This is part two in my six part series on business intelligence, with a focus on OLAP analysis.
What is a data warehouse?
It turns out that this question is a little more difficult to answer than it probably should be. This is because data warehousing has become an overloaded term that includes BI tools (OLAP/data mining), data extraction and transformation tools (ETL), and schema management tools.
To me, the definition of data warehouse is “A relational database schema which stores historical data and metadata from an operational system or systems, in such a way as to facilitate the reporting and analysis of the data, aggregated to various levels.” This definition is a consolidation of various definitions that I have encountered.
There are a few key points here. First, data warehouses rarely contain information that exists no where else in an organization. The goal of data warehousing is to collect and make a historical record of the information from another system. This might be an ERP application, the logs from a web application, data from manufacturing systems or even data from radio telescopes. This data is extracted from the source system(s) and then cleaned up and inserted into the data warehouse with ETL tools. This process is usually called “conforming” the source data into the warehouse schema. Another important aspect of the definition is aggregation. A data warehouse is usually used to summarize data over years, months, quarters, or other time dimension attributes. This aids in identifying historical trends and making predictions about future trends. Data is often aggregated in many different ways. Aggregated data may be stored in aggregated tables so that it can be accessed quickly. This is particularly important as fact tables reach into the billions of rows and hundreds of gigabytes of information is accumulated. Accessing this data outside of summarized form often takes a very long time.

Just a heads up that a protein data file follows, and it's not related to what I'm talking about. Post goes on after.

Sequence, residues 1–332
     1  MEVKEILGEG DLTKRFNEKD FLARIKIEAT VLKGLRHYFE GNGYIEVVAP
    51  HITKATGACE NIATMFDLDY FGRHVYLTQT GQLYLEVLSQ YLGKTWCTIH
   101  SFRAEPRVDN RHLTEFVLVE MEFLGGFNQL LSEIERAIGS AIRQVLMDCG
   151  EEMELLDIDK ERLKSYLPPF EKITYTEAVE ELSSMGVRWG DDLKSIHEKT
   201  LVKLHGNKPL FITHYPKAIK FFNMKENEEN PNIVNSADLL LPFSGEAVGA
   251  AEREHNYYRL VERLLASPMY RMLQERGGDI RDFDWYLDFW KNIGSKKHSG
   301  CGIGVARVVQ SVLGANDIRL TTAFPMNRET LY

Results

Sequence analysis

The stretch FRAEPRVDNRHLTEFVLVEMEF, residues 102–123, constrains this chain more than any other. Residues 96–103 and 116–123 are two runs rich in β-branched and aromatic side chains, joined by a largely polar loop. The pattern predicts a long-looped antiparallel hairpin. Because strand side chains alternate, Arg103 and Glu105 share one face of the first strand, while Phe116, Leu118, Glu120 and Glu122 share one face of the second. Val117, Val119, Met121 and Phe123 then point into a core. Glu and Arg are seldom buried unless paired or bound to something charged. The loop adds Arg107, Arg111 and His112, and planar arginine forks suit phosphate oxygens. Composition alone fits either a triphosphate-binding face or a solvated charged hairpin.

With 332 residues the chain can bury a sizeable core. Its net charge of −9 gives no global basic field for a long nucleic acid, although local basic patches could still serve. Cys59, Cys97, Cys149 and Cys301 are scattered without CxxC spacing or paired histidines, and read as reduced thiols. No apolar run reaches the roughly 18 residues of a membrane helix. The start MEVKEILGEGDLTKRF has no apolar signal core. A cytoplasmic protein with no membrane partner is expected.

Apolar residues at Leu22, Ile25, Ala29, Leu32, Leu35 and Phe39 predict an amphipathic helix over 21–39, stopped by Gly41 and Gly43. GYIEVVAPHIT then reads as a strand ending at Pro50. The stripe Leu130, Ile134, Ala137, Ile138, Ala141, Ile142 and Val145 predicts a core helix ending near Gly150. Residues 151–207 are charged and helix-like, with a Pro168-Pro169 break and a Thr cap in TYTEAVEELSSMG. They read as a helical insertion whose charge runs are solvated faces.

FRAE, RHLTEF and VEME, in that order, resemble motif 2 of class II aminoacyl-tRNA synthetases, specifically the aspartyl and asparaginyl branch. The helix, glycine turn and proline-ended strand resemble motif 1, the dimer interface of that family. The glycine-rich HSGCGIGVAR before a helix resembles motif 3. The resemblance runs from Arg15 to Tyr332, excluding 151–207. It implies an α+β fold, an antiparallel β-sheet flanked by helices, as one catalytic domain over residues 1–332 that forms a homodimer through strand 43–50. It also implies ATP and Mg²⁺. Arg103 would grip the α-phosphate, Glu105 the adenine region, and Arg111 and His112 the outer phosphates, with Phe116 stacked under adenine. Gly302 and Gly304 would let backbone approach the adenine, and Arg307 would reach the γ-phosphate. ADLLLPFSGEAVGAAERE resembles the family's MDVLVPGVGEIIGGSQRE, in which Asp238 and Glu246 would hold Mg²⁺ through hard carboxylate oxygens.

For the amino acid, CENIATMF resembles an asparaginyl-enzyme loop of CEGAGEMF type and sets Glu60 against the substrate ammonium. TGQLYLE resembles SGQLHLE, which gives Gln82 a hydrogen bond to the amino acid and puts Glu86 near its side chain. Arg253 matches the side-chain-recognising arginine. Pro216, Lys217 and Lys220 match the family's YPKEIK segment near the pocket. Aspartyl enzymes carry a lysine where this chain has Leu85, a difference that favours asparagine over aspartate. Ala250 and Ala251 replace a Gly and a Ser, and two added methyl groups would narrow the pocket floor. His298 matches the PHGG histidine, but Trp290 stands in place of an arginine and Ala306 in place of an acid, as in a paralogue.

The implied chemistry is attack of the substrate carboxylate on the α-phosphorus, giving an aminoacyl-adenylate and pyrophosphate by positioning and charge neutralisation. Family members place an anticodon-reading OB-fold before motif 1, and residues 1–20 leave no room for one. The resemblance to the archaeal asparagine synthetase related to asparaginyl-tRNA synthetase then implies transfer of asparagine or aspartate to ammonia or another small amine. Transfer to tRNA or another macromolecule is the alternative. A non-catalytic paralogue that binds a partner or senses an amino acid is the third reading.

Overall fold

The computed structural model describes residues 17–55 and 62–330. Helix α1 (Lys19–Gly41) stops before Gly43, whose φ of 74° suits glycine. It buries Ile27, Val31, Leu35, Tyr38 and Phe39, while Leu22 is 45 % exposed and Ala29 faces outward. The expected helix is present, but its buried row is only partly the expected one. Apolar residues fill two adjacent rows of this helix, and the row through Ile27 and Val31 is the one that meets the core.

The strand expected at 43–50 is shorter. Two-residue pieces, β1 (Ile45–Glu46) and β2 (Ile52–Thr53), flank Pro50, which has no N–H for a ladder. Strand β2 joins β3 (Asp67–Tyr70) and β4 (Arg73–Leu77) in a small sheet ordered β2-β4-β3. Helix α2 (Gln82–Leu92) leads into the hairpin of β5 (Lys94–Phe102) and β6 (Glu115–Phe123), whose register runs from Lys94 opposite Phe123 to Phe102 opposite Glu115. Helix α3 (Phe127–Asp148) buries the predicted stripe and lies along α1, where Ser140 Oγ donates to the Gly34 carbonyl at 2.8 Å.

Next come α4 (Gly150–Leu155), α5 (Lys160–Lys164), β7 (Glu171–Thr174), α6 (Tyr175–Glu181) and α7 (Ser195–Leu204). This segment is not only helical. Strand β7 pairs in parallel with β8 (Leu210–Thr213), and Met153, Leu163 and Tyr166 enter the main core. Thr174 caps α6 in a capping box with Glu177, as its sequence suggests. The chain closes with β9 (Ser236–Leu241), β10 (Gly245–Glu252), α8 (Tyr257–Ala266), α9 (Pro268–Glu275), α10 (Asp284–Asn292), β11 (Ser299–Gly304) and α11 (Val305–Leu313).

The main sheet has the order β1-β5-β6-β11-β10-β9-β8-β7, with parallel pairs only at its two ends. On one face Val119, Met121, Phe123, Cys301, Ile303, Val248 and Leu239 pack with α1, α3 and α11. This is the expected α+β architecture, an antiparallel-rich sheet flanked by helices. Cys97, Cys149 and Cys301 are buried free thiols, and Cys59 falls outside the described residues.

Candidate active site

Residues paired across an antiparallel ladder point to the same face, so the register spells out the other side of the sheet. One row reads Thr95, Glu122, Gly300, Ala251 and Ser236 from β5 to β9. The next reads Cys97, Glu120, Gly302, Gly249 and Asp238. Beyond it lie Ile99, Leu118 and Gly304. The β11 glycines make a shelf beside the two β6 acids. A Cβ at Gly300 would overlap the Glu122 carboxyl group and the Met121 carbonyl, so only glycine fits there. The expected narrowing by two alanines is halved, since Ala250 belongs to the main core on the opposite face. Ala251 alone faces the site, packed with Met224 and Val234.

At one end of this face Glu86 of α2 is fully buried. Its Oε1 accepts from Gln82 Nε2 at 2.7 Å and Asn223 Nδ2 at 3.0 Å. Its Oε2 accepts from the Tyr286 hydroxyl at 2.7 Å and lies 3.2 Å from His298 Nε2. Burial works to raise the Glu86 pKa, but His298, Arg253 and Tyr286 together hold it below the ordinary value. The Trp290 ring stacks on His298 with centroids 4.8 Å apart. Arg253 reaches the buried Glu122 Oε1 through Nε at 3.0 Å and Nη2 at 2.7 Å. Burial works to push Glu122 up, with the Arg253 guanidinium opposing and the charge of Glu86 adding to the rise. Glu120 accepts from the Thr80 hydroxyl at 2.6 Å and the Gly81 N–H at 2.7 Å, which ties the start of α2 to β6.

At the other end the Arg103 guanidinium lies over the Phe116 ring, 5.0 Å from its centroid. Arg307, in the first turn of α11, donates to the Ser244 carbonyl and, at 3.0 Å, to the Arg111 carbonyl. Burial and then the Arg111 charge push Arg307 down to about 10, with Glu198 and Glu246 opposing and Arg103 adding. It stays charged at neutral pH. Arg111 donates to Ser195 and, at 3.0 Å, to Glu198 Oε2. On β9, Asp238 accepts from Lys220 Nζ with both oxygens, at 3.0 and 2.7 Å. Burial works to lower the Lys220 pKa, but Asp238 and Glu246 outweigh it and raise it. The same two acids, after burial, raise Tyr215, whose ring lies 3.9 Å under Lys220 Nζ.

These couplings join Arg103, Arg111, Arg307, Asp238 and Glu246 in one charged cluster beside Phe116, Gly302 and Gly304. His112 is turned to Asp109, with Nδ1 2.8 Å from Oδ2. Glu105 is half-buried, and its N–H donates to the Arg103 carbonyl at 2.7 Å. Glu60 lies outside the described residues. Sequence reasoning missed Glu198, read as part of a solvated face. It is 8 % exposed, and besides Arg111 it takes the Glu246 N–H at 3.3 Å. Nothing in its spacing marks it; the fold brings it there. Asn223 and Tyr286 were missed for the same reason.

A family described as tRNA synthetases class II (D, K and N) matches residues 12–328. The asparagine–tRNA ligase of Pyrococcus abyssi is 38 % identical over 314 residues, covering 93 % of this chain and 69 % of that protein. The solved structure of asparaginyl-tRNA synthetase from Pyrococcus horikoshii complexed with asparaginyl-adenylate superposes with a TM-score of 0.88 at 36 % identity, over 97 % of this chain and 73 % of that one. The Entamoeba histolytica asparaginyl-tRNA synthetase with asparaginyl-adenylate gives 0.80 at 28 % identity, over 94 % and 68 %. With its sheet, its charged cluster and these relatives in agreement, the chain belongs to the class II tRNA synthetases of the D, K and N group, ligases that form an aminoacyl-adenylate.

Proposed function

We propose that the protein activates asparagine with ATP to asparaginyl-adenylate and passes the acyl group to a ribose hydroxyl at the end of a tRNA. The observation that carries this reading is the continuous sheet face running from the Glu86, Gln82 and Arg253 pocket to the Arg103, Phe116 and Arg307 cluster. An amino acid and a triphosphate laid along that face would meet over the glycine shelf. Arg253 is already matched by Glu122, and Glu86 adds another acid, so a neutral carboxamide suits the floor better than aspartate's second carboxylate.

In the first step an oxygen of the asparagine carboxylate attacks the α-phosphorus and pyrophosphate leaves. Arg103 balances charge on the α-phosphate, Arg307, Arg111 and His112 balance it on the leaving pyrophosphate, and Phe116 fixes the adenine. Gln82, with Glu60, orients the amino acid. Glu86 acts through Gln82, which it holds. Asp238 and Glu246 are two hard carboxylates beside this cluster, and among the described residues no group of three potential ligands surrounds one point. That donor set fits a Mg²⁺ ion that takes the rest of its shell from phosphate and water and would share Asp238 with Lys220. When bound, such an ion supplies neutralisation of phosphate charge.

Is there a particular schema design which lends itself to this historical analysis?
There are two main methodologies which are practiced when it comes to designing database schemata for database warehouse applications. These two methodologies approach the problem of storing data in very different ways.
The first methodology was popularized by Bill Inmon, who is considered by many to be the “father” of the data warehouse, or at least the first dw “evangelist” if you will. This approach focuses on the normalization of data. Highly normalized schema are created and maintained by ETL jobs. Creating and maintaining these jobs is often one of the biggest parts of designing and running a data warehouse. A particular combination of ETL jobs which consist of one or more data transformations is usually called a “flow”. An example ETL flow might combine data from item and category information into a single dimension, while also maintaining the historical information about when each item was in each category.
These types of warehouses are almost always “insert only”. Data is very likely never updated or deleted in these databases and they are expected to grow to very large sizes, usually into the terabyte range, but sometimes even into petabytes. Aggregations are the exception to this rule, as they must be updated periodically to reflect the additions of data to the source tables. The goal of this methodology is the 100% accurate description of historical data from the operational system in a normalized manner which ensures that it is able to be updated quickly. It is accepted that analysis of the data will be more complex in this form, but that this complexity is an acceptable trade off for historical accuracy. This is often described as the “top-down” approach.
What is a data mart?